The first few moments of this live compilation of Weavers material neatly sum up the group as they invite their audience to join in on ‘Michael Row The Boat Ashore’. Their music was for everyone, and through it they sought to share their social concerns. The Weavers were formed in 1948 and developed their musicality in New York’s Greenwich Village, setting the area’s influence on the folk world. The first two key members were Pete Seeger and Lee Hays, both of whom had been part of the Almanac Singers with Woody Guthrie. They were joined by Fred Hellerman and Ronnie Gilbert, the latter adding a rich female voice to the harmonic mix.
The Weavers came about at a particular time in America when, although there was post-war optimism and economic growth, there was also racial segregation, lack of women’s rights, environmental concerns and the threat of nuclear war. The eastern bloc hostility promoted a climate of suspicion against the political left, leading to the McCarthy era of witch-hunts. The Weavers were caught up in this, and their access to radio and TV exposure was made very difficult, despite huge hit records with ‘Goodnight Irene’ and ‘Tzena Tzena Tzena’, the former holding the #1 spot for 13 weeks. Nevertheless, the Weavers spearheaded the folk movement, paving the way for the late 50s folk music revival. The songs they sang invited participation, effectively making their audience part of the movement.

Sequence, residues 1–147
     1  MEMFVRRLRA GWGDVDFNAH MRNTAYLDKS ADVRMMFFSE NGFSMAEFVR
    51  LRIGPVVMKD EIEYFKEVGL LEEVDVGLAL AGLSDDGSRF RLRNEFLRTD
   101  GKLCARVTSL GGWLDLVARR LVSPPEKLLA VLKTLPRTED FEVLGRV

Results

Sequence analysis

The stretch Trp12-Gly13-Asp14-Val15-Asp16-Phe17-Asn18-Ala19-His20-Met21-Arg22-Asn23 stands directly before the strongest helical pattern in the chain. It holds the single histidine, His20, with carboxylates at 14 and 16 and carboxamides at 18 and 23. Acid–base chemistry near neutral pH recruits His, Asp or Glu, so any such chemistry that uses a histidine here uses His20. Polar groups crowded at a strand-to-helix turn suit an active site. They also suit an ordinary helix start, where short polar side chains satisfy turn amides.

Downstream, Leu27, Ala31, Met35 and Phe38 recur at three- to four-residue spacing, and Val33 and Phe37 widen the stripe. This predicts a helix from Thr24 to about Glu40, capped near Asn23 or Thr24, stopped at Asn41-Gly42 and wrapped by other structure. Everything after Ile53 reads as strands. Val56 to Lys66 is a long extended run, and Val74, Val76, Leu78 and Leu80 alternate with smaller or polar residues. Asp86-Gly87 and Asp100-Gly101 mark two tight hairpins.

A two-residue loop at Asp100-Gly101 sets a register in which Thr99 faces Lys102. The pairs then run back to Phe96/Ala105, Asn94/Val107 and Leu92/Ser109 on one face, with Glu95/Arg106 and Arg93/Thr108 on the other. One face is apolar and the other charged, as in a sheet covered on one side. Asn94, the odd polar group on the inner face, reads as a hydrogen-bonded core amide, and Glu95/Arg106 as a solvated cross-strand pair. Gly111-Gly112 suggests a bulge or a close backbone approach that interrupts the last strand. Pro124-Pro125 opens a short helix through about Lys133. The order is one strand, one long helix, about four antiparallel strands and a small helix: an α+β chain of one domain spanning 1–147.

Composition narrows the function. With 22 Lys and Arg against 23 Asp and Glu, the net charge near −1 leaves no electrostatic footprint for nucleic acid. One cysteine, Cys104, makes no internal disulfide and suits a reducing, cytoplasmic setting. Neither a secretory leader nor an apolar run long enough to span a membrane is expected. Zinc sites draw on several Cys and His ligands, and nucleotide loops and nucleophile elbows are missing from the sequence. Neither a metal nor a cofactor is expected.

This collection features many of their most famous songs. Many of them would be thought of as traditional works but are, in fact, Weavers originals, or at least old tunes with their new words. The group’s effect was, and remains, huge. Ace Records are very proud to keep their music alive and available.